"The complaints were made without proper vetting of the Keegan affidavit," Abbott added. "They also were submitted directly in the face of evidence indicating that the allegations about rent payments were both untrue and legally erroneous. As a result, your office is respectfully requested to immediately commence an investigation and undertake any appropriate prosecution of Ms. Sloan for potential violation(s) of federal law."
Oberly declined to comment Saturday. Sloan said in an e-mail that O'Donnell, her staff and her lawyers were "clearly unfamiliar with the law."
"CREW is unconcerned," Sloan wrote.
Abbott said the letter represents O'Donnell's intention "to go on the offense" against CREW and Sloan.
Mitchell described CREW's complaint as "yet another partisan hit job" by Sloan and said she expects that the FEC also will dismiss the complaint.
"This is not the first time a citizen has been unfairly maligned by CREW and Melanie Sloan, always to great press fanfare when the attacks are launched," Mitchell said in a statement. "However, my clients have always prevailed against CREW's attacks because CREW consistently and continually files false allegations."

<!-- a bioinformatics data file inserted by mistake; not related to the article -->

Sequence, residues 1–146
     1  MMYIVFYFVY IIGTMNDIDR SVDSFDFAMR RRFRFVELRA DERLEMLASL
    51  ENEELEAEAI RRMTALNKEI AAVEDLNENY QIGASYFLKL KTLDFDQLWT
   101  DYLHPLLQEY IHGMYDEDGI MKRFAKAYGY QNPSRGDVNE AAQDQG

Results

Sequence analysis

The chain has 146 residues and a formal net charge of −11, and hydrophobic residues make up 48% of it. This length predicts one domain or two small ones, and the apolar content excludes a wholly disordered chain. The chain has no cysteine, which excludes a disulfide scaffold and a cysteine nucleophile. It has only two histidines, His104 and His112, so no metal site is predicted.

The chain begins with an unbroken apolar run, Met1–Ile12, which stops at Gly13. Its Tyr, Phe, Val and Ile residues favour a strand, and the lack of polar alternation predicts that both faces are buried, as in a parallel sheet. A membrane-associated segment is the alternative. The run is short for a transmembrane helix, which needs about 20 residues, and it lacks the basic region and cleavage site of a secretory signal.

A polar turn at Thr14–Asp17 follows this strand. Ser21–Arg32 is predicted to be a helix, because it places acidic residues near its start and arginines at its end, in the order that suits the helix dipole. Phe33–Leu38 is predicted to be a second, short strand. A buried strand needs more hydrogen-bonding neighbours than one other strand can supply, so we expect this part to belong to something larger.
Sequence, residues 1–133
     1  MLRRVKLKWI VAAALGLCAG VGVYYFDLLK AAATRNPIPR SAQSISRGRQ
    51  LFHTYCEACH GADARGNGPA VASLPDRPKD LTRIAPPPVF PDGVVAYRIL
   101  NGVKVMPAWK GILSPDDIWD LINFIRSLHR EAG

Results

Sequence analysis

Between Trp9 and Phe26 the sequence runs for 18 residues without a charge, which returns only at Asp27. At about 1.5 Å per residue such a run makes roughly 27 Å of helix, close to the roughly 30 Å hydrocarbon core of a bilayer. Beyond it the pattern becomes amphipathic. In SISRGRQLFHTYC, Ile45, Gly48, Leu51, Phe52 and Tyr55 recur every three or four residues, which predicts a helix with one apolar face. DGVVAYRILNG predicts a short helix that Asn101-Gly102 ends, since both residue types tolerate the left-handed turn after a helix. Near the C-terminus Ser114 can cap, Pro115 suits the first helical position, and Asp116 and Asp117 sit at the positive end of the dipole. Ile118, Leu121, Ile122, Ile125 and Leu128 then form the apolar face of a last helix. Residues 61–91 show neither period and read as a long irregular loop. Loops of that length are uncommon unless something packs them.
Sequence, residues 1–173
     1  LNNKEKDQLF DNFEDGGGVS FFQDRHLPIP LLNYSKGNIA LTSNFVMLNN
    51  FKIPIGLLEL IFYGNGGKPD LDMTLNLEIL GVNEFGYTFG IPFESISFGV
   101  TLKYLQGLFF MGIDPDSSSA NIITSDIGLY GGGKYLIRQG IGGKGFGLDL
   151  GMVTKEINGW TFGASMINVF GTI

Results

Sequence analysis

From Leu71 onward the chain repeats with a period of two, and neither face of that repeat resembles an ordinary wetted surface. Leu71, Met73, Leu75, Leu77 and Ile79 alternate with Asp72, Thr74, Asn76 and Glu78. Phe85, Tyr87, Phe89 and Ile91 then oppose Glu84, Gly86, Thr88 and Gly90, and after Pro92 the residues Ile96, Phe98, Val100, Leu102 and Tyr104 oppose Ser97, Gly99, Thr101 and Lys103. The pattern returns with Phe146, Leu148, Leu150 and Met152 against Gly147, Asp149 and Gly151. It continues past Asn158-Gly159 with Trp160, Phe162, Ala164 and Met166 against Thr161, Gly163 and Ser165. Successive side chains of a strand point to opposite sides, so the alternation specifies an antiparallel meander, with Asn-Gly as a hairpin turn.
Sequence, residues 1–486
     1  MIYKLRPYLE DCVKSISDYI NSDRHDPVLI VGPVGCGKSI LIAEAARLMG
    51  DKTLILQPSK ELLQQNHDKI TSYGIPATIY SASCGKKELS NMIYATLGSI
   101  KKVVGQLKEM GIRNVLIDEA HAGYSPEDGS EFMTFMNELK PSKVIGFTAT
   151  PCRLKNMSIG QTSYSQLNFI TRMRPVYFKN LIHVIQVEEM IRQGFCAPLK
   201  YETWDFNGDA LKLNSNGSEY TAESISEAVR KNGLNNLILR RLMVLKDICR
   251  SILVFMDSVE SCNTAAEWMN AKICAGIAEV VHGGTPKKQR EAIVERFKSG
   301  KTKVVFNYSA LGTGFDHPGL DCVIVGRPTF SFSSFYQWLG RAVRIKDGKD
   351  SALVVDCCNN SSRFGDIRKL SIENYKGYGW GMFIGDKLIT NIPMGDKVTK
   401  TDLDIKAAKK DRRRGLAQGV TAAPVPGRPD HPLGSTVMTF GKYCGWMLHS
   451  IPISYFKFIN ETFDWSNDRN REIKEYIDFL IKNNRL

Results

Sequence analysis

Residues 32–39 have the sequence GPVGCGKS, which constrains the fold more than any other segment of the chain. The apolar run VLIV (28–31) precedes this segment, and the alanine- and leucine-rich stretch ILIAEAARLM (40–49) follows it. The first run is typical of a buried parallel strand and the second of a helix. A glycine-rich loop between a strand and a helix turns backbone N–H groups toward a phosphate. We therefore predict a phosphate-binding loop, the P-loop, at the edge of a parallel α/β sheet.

O'Donnell said in a statement that CREW is prohibited by its nonprofit status from intervening in political campaigns.
"But they more than intervened in the campaign," O'Donnell alleged, "doing everything they could possibly do to sabotage my election."
The watchdog group has filed complaints on alleged ethics violations by Democratic and Republican officeholders and candidates.
Sloan said in a statement issued earlier Saturday that O'Donnell joins the ranks of "scandal-ridden politicians the Justice Department's Public Integrity Section has allowed to skate by, despite evidence of criminal wrongdoing."
Keegan noted that O'Donnell had "decent" legal support, and that her campaign had revised a lot of its financial reports.
"I think what they did was recognize that some errors were made and since then did what they could to correct them, and that none of them were serious enough for her to do jail time," Keegan said.